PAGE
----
Since first reporting on Game Mode for Windows 10 in December, Microsoft has dropped several hints about the service. We know that it is a performance enhancer that reallocates recourses. It has since been through Windows Insider builds and may already be running on Xbox One. At GDC 2017 last week, Microsoft explained Game Mode in more detail and said it will further bridge PC and console gaming.
As was widely expected, Game Mode is something of a tuning feature for system resources. It tweaks the resources to dedicate more game-specific power to the CPU and GPU. At the Game Developers Conference last week, Microsoft confirmed the feature will allocate several CPU cores to game rendering.
In doing so, other tasks are pushed to the background. For example, a system with six cores would use four cores for dedicated gaming, with the remaining cores taking care of other tasks.
In terms of GPU performance, Game Mode does the same and pushes background tasks to the back of the line. Of course, GPU’s are already dedicated to gaming, at least on a gaming rig. Game Mode will retain game data in local RAM so it can be accessed more quickly.
By doing this, performance will be enhanced, particularly on lower spec’d machines. Interestingly, Insiders are reporting improvements of between 2 and 5%, which is not a lot. Perhaps Microsoft is still tweaking the feature ahead of full launch.
Microsoft’s Eric Walston, from the Xbox Advanced Technology Group, said at GDC that the company wants to bring PC and console gaming together. Naturally, in context he specifically means to bring Xbox One and Windows 10 gaming closer. Speaking to Ars Technica, Walston said “When we add new features to Windows, they transfer to Xbox. … [In 2017], the line between console and PC is continuing to blur … The line dividing Windows and Xbox continues to become more of a gradient of features and functionality.”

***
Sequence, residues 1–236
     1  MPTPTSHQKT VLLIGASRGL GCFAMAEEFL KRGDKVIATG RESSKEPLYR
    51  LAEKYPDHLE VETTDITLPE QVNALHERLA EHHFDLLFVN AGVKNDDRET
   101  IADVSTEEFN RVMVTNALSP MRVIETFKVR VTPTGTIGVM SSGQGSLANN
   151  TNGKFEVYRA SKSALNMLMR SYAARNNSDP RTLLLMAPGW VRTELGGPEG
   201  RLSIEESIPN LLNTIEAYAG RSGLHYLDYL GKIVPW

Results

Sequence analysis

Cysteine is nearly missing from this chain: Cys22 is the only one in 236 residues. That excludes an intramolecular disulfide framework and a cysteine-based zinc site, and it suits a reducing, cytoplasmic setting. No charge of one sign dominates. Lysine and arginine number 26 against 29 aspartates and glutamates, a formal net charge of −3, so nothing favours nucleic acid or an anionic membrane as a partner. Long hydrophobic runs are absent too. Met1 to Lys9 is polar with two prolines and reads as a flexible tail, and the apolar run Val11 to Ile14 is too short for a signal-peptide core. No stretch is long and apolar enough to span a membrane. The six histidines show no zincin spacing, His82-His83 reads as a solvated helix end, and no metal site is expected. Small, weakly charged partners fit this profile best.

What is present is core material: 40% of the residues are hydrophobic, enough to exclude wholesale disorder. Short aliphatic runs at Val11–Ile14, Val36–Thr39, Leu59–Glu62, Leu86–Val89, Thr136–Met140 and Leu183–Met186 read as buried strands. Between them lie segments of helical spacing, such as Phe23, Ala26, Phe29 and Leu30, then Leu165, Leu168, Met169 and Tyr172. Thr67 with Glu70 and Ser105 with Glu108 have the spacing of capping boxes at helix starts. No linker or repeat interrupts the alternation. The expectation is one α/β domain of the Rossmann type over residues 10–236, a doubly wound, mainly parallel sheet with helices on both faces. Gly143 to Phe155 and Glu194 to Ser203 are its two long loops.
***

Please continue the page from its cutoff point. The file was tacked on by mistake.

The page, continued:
Microsoft is clearly intent on bridging Xbox One (and eventually Project Scorpio) and Windows 10. It’s an interesting ambition considering there has never been a great desire for each camp to shift preference.
Do PC Gamers Need Xbox?
While it makes sense for hardcore gamers to have both PC and console options, there are typically two differing sides. Consoles typically target consumers, and PC gaming is for those who are multiple-hours-per-day players.
Of course, there are nuances to that generalization, but PC gamers particularly can look down on console gaming with disdain. I, and probably many PC gaming fans, will doubt Walston’s claim that the gap between consoles and PC is blurring.
It’s probably an argument for another day, but while Microsoft is only now embracing 4K technology with Project Scorpio, PC gamers have been 4K gaming for years. Indeed, PC is moving through the next resolution barrier with 8K gaming.
One question Microsoft may need to answer is why do PC gamers need anything from Xbox? Due to the Universal Windows Platform (UWP), both share the same operating system, including apps. Before the full implications of Game Mode and Xbox Play Anywhere are known, there is only one compelling reason for this “blur” in platforms.
That reason is Xbox Play Anywhere. The idea has huge potential and could be good news for gamers, even if it has obvious flaws. Firstly, let’s discuss the positives. With Xbox Play Anywhere, gamers can by a single copy of a title and play it on both Xbox One and Windows 10 PC.
This means games are shared across the platforms. Achievements, scores, game progression, and other aspects are shared across PC and console. It is good news as it obviously saves the cost of buying two versions of the same game. Microsoft has already said it plans for most its own titles to be Xbox Play Anywhere compatible.
However, that does not address third party developers. There is no requirement (and nor should there be) for developers to build games that support Xbox Play Anywhere. Microsoft must convince publishers that losing the revenue stream of selling the same game across two platforms may have benefits.